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hypercharleyfarley


Latest posts by hypercharleyfarley

Hedging advice pls

Posted: 21/03/2014 at 10:46

How about eleagnus?  There's a variegated one - lots of good strong yellow on the leaves which looks good throughout the year and a brightness in the winter months too.  It's OK to prune it to shape, if you should need to, but I don't think there's anything which will give you a "quick-fix" as any shrubs you plant will take some time to fill big gaps.

Hornbeam Hedge

Posted: 20/03/2014 at 14:30

I've got two "weapons" (whippets) which do catch the odd rabbit or two, but the dogs aren't outside in the garden 24 hours a day - whereas the rabbits are ...................

The first one I've seen this year - 2014

Posted: 20/03/2014 at 14:26

anyone mentioned wild violets yet?    Saw the first of them here in the wood yesterday, and the buds on the horse-chestnut trees just starting to open.

Polluted ground

Posted: 18/03/2014 at 18:02

Hello again - sounds as though you've had to do what was needed here about 20 years ago, ref a better soakaway.  The last time I had the system emptied & cleaned - a couple of months ago now - the chap said  "it's a good system, this one!  They don't make them like this nowadays".

This for Artjak - The lids of the two adjoining tanks in the system here are at ground level, and the brick chambers are approx  4' x 4' x 4'.  What happens is that the waste goes through the drains into the first tank, the heavy/semi-solid stuff settles in the bottom part of the first chamber and when the level reaches a certain height the (mostly) water at the top drains into the second chamber.  This settles too, and eventually the (by then much cleaner/clearer) liquid passes into the run-off pipe when the level in the second tank reaches a certain height. In other words, the tanks don't simply fill up, thus needing to be emptied.  It can - and does - sometimes take years, depending on the construction and sizes.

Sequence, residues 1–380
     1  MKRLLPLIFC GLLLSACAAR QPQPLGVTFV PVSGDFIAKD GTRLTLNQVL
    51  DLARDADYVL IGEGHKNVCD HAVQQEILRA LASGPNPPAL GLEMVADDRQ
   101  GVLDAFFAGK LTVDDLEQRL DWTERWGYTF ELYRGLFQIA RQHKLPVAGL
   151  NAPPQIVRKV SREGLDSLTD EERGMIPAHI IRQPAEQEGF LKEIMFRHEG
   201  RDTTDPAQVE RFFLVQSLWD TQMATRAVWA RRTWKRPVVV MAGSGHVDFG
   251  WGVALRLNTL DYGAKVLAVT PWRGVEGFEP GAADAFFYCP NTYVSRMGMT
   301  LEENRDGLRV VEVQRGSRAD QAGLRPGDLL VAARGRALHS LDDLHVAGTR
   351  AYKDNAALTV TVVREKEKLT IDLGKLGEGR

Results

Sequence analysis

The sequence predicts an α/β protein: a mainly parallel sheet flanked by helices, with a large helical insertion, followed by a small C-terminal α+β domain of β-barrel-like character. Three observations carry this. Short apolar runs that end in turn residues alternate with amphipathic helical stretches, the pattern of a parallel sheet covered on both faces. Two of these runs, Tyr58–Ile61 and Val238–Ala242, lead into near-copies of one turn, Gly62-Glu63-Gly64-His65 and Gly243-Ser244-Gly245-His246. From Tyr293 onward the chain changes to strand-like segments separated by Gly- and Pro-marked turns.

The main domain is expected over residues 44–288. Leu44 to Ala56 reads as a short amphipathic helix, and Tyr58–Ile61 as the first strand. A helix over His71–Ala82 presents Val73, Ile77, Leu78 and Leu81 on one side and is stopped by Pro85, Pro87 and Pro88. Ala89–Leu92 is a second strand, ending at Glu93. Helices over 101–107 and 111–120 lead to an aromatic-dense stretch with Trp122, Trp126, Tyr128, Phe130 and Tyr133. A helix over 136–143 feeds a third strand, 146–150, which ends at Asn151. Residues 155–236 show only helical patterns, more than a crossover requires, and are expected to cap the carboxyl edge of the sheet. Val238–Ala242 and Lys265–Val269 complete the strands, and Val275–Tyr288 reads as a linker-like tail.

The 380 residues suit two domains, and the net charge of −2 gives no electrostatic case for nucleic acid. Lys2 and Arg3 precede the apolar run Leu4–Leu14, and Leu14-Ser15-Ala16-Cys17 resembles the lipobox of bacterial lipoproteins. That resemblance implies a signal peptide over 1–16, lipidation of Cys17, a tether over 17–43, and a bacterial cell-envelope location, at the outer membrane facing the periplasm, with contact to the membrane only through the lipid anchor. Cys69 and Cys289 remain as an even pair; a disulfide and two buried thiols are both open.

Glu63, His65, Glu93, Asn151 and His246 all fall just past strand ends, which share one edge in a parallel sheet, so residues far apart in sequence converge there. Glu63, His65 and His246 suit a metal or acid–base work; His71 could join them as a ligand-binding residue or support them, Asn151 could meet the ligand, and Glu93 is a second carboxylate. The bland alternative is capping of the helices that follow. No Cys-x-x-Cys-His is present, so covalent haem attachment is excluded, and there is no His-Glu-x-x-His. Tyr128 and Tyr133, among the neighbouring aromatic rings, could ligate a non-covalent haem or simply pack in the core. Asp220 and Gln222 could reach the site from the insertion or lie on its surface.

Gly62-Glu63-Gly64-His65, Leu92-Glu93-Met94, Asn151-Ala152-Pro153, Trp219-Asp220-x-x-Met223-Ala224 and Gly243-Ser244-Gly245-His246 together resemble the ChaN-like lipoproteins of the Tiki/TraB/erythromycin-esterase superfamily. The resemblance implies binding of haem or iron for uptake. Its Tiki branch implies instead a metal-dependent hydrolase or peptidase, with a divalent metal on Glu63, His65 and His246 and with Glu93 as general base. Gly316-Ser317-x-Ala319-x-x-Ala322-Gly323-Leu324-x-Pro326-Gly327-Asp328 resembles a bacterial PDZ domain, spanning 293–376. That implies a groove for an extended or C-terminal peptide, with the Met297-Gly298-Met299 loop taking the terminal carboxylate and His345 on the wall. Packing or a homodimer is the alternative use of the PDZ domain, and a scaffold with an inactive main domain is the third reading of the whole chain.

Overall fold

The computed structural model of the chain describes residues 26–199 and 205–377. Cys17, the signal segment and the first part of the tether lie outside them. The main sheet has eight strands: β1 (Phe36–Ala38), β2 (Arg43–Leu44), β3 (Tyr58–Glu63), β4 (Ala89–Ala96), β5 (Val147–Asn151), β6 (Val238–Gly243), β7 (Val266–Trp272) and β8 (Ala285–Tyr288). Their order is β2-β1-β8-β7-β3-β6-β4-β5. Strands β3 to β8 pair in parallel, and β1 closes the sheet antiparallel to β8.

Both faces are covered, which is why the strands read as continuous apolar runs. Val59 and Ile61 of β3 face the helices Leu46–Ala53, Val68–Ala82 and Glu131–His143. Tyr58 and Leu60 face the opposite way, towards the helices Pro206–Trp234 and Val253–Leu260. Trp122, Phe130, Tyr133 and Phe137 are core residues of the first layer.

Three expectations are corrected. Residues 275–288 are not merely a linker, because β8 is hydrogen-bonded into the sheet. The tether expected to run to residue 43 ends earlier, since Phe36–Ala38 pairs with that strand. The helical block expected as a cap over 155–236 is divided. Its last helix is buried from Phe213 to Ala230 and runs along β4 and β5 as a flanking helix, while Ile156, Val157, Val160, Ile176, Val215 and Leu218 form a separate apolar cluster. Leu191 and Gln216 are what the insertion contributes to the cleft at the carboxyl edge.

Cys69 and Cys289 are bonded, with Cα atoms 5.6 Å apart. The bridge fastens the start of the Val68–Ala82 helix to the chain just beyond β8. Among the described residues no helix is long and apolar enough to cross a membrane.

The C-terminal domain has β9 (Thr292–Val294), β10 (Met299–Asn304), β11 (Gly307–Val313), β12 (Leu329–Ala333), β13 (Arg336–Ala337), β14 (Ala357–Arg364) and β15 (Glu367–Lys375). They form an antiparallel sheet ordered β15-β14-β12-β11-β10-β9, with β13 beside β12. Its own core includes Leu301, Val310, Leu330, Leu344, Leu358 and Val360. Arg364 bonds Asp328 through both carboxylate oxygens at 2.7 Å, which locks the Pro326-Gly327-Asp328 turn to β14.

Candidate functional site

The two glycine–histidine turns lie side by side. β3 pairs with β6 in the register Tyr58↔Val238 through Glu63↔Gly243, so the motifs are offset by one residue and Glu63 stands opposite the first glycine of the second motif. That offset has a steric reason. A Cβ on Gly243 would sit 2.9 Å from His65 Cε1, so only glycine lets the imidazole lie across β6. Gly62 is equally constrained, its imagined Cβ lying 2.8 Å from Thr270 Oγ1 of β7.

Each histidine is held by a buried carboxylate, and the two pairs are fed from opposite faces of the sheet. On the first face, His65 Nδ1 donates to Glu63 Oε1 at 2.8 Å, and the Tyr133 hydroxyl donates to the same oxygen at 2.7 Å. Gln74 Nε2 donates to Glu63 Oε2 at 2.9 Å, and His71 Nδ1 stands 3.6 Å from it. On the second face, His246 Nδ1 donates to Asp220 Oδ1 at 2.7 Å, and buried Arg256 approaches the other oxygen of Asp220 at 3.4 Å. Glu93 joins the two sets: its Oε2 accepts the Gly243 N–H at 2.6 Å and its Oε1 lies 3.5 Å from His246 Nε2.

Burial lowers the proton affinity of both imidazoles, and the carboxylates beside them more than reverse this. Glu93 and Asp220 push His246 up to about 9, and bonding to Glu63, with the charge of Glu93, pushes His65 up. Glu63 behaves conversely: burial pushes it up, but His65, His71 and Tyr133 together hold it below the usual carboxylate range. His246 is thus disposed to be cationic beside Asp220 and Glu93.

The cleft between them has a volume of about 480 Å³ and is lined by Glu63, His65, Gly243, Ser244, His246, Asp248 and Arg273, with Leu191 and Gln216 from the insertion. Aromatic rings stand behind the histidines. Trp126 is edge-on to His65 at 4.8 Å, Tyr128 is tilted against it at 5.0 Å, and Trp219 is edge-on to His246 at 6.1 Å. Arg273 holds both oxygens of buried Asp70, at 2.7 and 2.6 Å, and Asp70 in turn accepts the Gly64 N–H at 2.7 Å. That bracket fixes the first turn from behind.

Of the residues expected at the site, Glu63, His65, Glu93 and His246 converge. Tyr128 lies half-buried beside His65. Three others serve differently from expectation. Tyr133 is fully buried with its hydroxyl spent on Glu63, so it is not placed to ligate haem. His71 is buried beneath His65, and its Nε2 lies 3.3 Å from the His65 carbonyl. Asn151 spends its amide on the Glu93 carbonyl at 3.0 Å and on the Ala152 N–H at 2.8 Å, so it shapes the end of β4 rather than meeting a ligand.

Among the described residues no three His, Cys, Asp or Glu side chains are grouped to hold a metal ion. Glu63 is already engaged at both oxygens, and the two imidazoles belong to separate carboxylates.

It sounds to me as though there may well be some sort of blockage in the OP's neighbour's system - tree roots are sometimes the cause.  The fact that the OP mentions a willow tree raises the issue - willows are notorious for having a large and vigorous root-spread.

 

 

Polluted ground

Posted: 18/03/2014 at 17:02

Hi Nut - there are several sorts of systems these days - far far removed from the sort which until very recently were the "norm".  I think there's one type where the tank is part-buried in the ground and made from some sort of water-permeable material.  The contents are supposed to be "semi-digested" in such a way that just pure water seeps out - or so they say!  I'm not sure I'd be all that confident about it though because you need really well-drained land to start with, I reckon, for that to work properly. They seem to use this sort of system for barn conversions hereabouts - where the farm buildings are converted into several dwellings and all share the same drainage system.

My septic tank system is now about 50+ years old - twin brick-built chambers with the eventual run-off going through a plastic perforated pipe which is buried in a trench about 4ft below ground along the hedgerow in the field below. This pipe was placed on a gravel bed in the bottom of the trench,  and then covered with quite a bit of gravel before being back-filled with the earth which was dug out in the first place.  It's obviously a larger capacity than the house really needs - I've only had to have it emptied three times in the last 23 years.  It's quite useful really, in that it really saves quite a bit of money - water rates are far lower if you don't have access to mains drains and if (like me) you have a water meter as well.

p.s. I think Dove's talking about a cess-pit, rather than a septic tank system. These days I think one would say "tanks OK - pits definitely not"!

 

Polluted ground

Posted: 18/03/2014 at 16:38

I think Dave's right in that you should get the local council involved, especially as they are already aware of a problem with your neighbour's drainage system.  Any remedial work should not be at your expense!